lausd servicemen close in on possible strike
Los Angeles Unified School District officials said Wednesday they were preparing for a possible strike by cafeteria workers, bus drivers, custodians, special education assistants, and other workers who announced this week that they would cancel their current contract amid stalled labor negotiations.
Local 99 of the Service Employees International Union, which represents more than 30,000 LAUSD workers, informed the district Tuesday of the contract cancellation, moving closer to a walkout.
In February, workers authorized the union to call a strike if negotiations failed.
Max Arais, executive director of SEIU Local 99, expressed his dismay over the current situation for workers at LAUSD. “It’s unacceptable for them to be living on poverty wages and threatened if they demand better pay,” he said in a statement. Arais further condemned the inadequate staffing and spoke out against any harassing behavior directed at those who voice their concerns. “We strongly urge LAUSD to take appropriate action to ensure these unfair practices cease,” he continued, “or our members are prepared to take more drastic measures as a form of protest.” Cancellation of the contract is an option they wish to avoid but they feel they must act in order to get their point across; that essential workers must be valued and respected.
“We are disappointed that SEIU is walking away from negotiations with so much on the table,” district officials said Wednesday.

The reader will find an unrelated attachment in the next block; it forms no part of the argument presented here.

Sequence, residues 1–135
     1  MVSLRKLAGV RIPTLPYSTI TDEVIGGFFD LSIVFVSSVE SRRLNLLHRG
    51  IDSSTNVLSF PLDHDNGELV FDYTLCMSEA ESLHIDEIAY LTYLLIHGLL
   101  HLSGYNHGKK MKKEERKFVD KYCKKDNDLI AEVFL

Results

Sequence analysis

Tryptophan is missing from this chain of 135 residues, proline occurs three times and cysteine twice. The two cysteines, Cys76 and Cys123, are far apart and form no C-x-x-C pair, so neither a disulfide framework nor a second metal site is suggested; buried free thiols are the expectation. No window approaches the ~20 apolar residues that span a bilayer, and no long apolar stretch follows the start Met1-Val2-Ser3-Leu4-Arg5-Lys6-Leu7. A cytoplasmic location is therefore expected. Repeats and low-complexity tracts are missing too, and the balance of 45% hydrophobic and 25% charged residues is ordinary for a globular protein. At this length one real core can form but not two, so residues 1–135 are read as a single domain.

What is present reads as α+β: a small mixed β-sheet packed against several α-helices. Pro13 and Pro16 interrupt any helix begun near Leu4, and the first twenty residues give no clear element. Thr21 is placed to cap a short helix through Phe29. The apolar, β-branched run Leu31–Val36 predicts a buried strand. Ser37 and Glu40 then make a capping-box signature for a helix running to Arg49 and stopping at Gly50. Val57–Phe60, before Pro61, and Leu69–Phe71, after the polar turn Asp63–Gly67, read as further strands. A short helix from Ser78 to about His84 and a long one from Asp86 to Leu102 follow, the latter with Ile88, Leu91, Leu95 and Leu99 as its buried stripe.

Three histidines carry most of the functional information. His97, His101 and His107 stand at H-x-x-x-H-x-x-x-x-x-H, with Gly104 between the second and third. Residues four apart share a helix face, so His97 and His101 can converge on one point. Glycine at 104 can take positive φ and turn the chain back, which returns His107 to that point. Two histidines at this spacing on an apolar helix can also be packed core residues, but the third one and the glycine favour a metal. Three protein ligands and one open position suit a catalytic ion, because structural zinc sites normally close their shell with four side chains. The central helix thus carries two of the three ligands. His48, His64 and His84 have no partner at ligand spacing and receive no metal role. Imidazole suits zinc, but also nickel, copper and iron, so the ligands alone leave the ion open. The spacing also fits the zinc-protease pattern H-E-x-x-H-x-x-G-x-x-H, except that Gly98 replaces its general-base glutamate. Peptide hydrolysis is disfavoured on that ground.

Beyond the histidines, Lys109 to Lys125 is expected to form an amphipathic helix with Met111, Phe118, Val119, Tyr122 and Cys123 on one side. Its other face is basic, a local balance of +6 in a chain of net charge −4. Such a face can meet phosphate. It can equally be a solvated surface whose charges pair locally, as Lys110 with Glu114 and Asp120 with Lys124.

According to the district, this action puts them closer to a strike, which would disrupt instruction and adversely affect the entire system.
Los Angeles Unified officials said Superintendent Alberto Carvalho made a “strong offer” to the union. According to the district, the offer included a 5% wage increase retroactive to July 2021, another 5% increase retroactive to July 2022, and another 5% increase effective July 2023, in addition to a 4% bonus in 2022-23 and a 5% bonus in 2023-24.
According to a district statement, “we must exercise fiscal responsibility in order to benefit our students and our workforce.” “The district cannot go bankrupt — our general fund is not a flexible budget reserve.” It is imperative that we work together to provide a high-quality public education to every child in order to prepare them for success in school and in life.”
The affected workers earn an average salary of $25,000 a year and have been working without a contract since June 2020, according to union officials.
In December, the union declared an impasse in negotiations, which led to the appointment of a state mediator.
Union officials have also alleged staffing shortages resulting from an “over-reliance on low-wage, part-time workers.” These shortages include:
- Insufficient teacher assistants, special education assistants, and other instructional support,
- Due to a lack of custodial staff, school campuses are not properly cleaned and disinfected.
- Overburdened campus aides and playground supervisors jeopardized campus safety
- The lack of health care benefits for afterschool workers and community representatives has resulted in limited enrichment, afterschool, and parental engagement programs.
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